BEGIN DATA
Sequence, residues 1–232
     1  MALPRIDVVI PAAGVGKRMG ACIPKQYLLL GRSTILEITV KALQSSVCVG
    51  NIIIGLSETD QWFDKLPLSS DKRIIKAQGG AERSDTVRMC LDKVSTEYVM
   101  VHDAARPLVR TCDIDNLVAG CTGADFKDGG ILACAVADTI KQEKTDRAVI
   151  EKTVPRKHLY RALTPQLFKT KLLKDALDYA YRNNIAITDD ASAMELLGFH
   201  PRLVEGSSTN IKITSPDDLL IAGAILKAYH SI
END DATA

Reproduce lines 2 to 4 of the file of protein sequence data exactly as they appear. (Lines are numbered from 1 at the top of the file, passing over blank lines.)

     1  MALPRIDVVI PAAGVGKRMG ACIPKQYLLL GRSTILEITV KALQSSVCVG
    51  NIIIGLSETD QWFDKLPLSS DKRIIKAQGG AERSDTVRMC LDKVSTEYVM
   101  VHDAARPLVR TCDIDNLVAG CTGADFKDGG ILACAVADTI KQEKTDRAVI